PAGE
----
Information is gold and it can be robbed and stolen
The nature of cyberattacks on digital payment channels ranges from phishing to merchant fraud. Here is a look at few of them
When Prime Minister Narendra Modi launched his digital economy initiatives—besides making payments convenient, your money also became more vulnerable to cyber attacks. According to KPMG India’s Crime Survey 2015, financial services and insurance sector was the favourite target for cyber-attacks followed by pharmaceuticals and chemicals. This is in sync with the fact that 63% financial assets of the country are in the banking system followed by insurance at 19%, according to the Financial Stability Board Peer Review Report of India 2016.
The nature of cyberattacks on digital payment channels ranges from phishing to merchant fraud, according to the KPMG report Digital Payments-Analysing The Cyber Landscape, which was released in April. Mint Money has taken you through some of the cyberattacks that happen. You can read about them here. Here is a look at a few more.
Cyber espionage: This is the act of spying and obtaining unauthorised access to information related to individuals, companies, militaries and governments, by using hacking techniques. “Cyber espionage could be done by individuals or sponsored by rival companies or states. In today’s digital era, information is gold and when this information is related to vulnerabilities in systems... (it can) be used to launch massive data breaches,” said Amit Jaju, executive director, fraud investigation and dispute services, EY India. He added that while information is protected by cyber security, these defences can be bypassed by exploiting known vulnerabilities in the hardware or software used to store and guard this information. These vulnerabilities are often not public and are known only to the manufacturer of the devices or software. “Recently, the hacking group ‘The Shadow Brokers’ leaked confidential vulnerabilities and related exploits that affected millions of computers globally that were not patched. This exploit was used by the creators of ransomware such as WannaCry 2.0 and PetWrap to wreck havoc across the globe,” said Jaju. Usually these attacks happen at an organization level and do not target individuals.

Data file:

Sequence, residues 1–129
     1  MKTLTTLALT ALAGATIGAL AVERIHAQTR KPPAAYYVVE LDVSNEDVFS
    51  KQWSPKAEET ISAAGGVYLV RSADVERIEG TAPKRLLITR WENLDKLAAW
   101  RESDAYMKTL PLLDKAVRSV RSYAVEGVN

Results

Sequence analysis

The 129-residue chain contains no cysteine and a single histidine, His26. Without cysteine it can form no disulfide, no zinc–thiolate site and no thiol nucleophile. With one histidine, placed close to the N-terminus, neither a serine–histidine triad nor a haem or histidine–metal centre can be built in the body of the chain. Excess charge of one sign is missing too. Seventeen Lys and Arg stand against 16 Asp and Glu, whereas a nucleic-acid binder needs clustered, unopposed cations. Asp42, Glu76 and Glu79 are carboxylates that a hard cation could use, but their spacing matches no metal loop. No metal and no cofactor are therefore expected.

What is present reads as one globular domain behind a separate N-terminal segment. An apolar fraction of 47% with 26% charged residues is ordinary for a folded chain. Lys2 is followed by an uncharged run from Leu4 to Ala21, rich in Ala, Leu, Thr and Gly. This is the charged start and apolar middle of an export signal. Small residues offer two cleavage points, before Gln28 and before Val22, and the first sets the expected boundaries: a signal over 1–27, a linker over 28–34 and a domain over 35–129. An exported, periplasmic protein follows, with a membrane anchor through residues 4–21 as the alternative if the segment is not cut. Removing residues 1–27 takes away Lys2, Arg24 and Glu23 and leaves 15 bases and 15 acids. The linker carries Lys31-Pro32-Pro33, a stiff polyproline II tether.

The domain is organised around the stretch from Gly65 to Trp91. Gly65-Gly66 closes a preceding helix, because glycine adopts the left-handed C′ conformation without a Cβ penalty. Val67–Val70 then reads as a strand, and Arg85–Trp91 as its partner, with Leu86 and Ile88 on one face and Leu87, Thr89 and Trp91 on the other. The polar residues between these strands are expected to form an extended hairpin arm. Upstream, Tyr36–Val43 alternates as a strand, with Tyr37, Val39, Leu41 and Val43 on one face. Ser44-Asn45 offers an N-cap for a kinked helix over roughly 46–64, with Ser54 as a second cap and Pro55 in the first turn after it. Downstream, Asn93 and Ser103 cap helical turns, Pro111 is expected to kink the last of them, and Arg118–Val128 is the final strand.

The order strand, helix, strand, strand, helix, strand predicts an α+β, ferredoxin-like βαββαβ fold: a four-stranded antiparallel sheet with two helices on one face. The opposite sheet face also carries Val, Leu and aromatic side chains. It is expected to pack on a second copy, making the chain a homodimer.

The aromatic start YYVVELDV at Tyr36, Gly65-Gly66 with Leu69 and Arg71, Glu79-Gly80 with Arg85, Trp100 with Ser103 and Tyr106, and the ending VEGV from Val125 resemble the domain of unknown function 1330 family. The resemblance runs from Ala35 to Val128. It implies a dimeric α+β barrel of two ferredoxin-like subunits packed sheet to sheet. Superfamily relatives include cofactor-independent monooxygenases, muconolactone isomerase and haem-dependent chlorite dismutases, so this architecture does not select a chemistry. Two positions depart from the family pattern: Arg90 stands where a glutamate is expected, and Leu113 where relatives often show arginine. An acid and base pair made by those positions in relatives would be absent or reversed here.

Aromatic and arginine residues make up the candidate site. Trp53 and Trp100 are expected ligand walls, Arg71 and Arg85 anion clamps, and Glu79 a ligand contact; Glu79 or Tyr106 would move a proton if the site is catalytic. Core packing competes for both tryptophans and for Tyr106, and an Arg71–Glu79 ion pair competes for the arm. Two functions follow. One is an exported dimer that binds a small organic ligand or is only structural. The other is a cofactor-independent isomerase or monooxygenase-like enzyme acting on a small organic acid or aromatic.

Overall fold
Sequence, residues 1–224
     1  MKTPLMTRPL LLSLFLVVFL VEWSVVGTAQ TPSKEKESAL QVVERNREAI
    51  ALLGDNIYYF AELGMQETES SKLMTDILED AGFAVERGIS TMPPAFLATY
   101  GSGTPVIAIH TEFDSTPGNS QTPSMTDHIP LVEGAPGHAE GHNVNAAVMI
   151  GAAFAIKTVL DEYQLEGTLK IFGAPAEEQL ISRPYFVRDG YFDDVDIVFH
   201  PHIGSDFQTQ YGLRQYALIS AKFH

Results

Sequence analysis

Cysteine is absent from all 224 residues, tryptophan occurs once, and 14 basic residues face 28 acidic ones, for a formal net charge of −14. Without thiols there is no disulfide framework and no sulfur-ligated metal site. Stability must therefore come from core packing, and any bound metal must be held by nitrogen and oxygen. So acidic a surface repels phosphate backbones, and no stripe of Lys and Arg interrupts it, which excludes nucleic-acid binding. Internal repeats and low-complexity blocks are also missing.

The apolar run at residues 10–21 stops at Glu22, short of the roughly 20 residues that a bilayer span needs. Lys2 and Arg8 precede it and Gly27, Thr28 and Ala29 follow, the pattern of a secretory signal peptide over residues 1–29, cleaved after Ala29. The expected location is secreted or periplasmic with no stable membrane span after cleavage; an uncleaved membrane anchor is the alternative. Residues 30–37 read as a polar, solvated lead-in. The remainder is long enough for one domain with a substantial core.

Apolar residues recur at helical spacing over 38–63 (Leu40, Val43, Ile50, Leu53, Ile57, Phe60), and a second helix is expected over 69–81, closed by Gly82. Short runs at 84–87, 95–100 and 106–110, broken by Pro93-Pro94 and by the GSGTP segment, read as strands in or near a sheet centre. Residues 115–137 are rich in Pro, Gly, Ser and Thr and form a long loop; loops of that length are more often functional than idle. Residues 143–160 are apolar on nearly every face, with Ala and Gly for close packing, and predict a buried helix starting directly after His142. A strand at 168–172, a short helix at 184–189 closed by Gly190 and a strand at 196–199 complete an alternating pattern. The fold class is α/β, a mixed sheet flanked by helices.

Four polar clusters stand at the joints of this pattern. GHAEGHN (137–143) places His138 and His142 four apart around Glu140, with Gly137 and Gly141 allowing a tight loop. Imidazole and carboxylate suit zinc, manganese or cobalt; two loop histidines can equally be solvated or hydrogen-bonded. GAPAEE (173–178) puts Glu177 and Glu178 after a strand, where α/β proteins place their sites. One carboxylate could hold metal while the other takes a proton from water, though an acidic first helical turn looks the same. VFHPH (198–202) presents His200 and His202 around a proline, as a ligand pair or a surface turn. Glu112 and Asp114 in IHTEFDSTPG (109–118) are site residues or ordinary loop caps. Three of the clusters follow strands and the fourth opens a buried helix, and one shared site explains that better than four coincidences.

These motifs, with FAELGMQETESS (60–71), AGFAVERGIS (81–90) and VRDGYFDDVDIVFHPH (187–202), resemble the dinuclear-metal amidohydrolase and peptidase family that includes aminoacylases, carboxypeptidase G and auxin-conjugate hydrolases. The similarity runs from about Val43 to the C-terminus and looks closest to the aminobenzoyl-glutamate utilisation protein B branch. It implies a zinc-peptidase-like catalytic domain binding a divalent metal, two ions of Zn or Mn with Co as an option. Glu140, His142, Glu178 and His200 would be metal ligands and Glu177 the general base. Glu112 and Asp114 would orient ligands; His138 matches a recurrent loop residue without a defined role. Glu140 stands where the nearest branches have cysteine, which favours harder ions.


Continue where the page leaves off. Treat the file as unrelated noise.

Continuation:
Social engineering: This is also called the science and art of human hacking. It has become quite popular in recent years, given the growth of social media, email and other forms of electronic communication. Social engineering simply means a hacker uses emotional weakness of an individual to get access to passwords. “In the information security field, this term is widely used to refer an array of techniques used by criminals who obtain sensitive information, or to convince targets to perform actions that could compromise their systems. Most cyber criminals wouldn’t spend much time trying out complex technological hacks when they know it’s much easier to use social engineering for their purposes,” said Altaf Halde, managing director, Kaspersky Lab (South Asia). Through access to social media accounts, hackers can then gain access to other details. Therefore, never share passwords of your bank account and any social media account.
Distributed Denial of Service or DDoS: In case of a DDoS attack, the company that is attacked will not be able to use its assets—which could be a website or the network infrastructure. In this attack, a company’s online presence can get damaged. For instance, if your bank is attacked, you may experience failed online banking transactions. “This form of attack is also very common today. It is a growing menace for small and medium businesses. Imagine a small e-commerce company with a small budget. For hackers it is easy to take down its websites,” said Saket Modi, chief executive officer and co-founder, Lucideus. And, the cost of recovery from these attacks is massive.
Editor's Picks »
- Bajaj Auto’s dismal Q1 results builds a case for FY2019 earnings cut
- GST on paints cut, but companies may not pass on full benefit immediately
- June quarter results signal Havells India is off to a bright start this fiscal
- Business gains, not just cost efficiencies, to determine UPL’s Arysta acquisition success
- What ABB India’s performance in June quarter says about capex growth